22 August, 2015

10 Things ... My Take




Your comments, thoughts, suggestions, issues, and insight are always welcome. Please feel free to reply to any of my posts.

From ThoughtCatalog.com comes an article entitled: 10 Things that Happen when You're Obsessed with Writing. And, here are my responses to those 10 things.

1. You’re overly conscious of other people’s traits

No, not entirely. In fact, I can be rather oblivious to even the obvious about others. I tend to listen more than I observe and observe setting more than the people inside it. I can tell you what trees are growing and the flowers planted in window boxes, smells, sounds, and traffic volume, the accent giveaways, and even what a majority of the folk seem to like wearing, but as for them personally ... even if I did have a hunch, it could be wrong.

2. And your surroundings

Well, yeah. I just said that, so ...

3. You’re always jotting ideas down

Not always. In fact, I rarely do this. And, believe it or not, it's been a safe bet thus far. I am not so far along in age that I'm as forgetful or absentminded as I presume to become. Yet, I know this is folly. Now, when I wake up from a terrific dream, I'll reach under the bed for my notebook/pen and jot THAT down, because we all know how fading dreams become with time.

4. No piece is ever good enough

Guilty! Gosh, how I wish this wasn't true. Even when I'm satisfied (or THINK I am) about a story I want to write or am writing or have written, that nagging doubt thing just refuses to give me any peace. I actually haven't gone back to re-read anything I've published ... yet. I'm too afraid that I'll end up rewriting the whole thing, which is a habit of mine, and I certainly can't do that with something on the market, now can I?

5. You read to procrastinate

Oh, yeah. And, you know what? I believe it has something to do with #4. There is always a story inside my head that needs writing, and it always seems like a best-seller, too. I've got the plot, characters, scenes, action down solid until I actually start typing, and then things start to veer off in an entirely new direction or simply peter out. So! I make the excuse that by reading the work of others, that I am somehow reigning in that wanderlust mentality of mine. It also helps (reading while writing) to brush up on and fine-tune some of my writing weaknesses, I think.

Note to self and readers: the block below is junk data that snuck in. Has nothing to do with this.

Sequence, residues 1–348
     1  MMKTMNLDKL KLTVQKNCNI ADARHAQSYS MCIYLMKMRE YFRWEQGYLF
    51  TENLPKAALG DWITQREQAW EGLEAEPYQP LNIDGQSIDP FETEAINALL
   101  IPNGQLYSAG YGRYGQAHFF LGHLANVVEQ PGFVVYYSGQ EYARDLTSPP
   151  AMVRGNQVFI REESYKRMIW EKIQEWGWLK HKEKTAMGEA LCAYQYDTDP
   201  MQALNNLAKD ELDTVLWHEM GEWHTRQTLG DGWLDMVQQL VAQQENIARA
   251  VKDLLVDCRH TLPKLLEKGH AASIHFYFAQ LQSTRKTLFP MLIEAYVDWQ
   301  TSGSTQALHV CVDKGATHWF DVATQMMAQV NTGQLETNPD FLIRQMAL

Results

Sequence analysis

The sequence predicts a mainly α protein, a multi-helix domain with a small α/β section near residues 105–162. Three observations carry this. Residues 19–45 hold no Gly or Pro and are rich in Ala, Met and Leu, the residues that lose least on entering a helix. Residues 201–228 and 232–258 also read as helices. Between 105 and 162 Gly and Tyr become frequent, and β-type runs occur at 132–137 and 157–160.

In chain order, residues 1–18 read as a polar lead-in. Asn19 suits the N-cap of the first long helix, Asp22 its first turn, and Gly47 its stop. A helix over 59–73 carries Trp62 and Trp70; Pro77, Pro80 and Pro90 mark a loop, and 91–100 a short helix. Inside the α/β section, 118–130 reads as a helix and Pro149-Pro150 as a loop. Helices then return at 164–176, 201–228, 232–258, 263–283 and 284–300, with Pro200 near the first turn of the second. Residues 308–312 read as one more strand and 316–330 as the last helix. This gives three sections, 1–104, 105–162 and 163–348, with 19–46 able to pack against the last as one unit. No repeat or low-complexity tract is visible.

"Ah, so THAT'S how she hooks / entices / sets the scene / describes things / uses dialogue tags ..." etc.

6. Writing helps you get through things

No. Well, no in the sense that my reasoning isn't the same as the article author's. I do not write as therapy and never have. However, writing IS therapy in that the ability to escape my reality for a few hours a day is great and stress reducing. Right now, for example, I haven't written a word in more than two weeks because of current medical procedures. I'm just too antsy/anxious about the test results to be able to concentrate on anything else. I've never been able to multi-task, and writing fantasy while the possibility of death looms overhead just doesn't mix.

7. You have tons of unfinished pieces

But, of course! Like the article author, I, too, have a laptop folder filled with half-written and partially thought-out pieces. Images of people, clothing, places, and things that might fit into one of my stories, a growing list of NAMES for male and female characters, and a boat-load of Pinterest posts dedicated to things like synonyms, thesaurus help for certain words, and how best to use a semi-colon.

These are what I call my IDEAS and have labeled the folder as such. Sometimes it just happens that a story idea starts out sounding incredible, but somewhere along the way it loses steam and I abandon it for something else. That doesn't mean I'll never go back and read that piece to try and discover some way of resuscitation, but that remains to be seen.

8. You can work on one sentence for hours

Not necessarily, but I am in the habit of re-reading a paragraph or even a chapter trying to make it work. I'm fairly confident about each sentence I type, and I don't worry too much about grammar/punctuation as I go along ... I save that for edit mode. But, yes, there have been times when I'm just not sure about what is written or how it ties in with a previous scene and if it makes enough sense to fly with the reader. I worry more about being vague than I do about sentence structure.

9. One sentence can move you to tears

In other people's work, yes. Well, to be more precise, not so much a single sentence but a scene. I have actually choked up a few times by becoming emotionally attached to a single character in someone's novel. I root for them, am fond of their progress, and really get worked up when something goes wrong in their life. As for my own writing, I did get a bit melancholy writing the death scene in Sing to Me.

10. You feel empty if you don’t write

No, not empty; more like guilty. I feel bad for myself when I don't write -- like I called in sick when I'm not. It doesn't depress me or bring me down; I just know I should be writing when I'm not. I get hooked on Facebook games, Asian dramas, and reading other people's writing instead. Which I like to call 'study time' as a way of lessening the guilt ;-)



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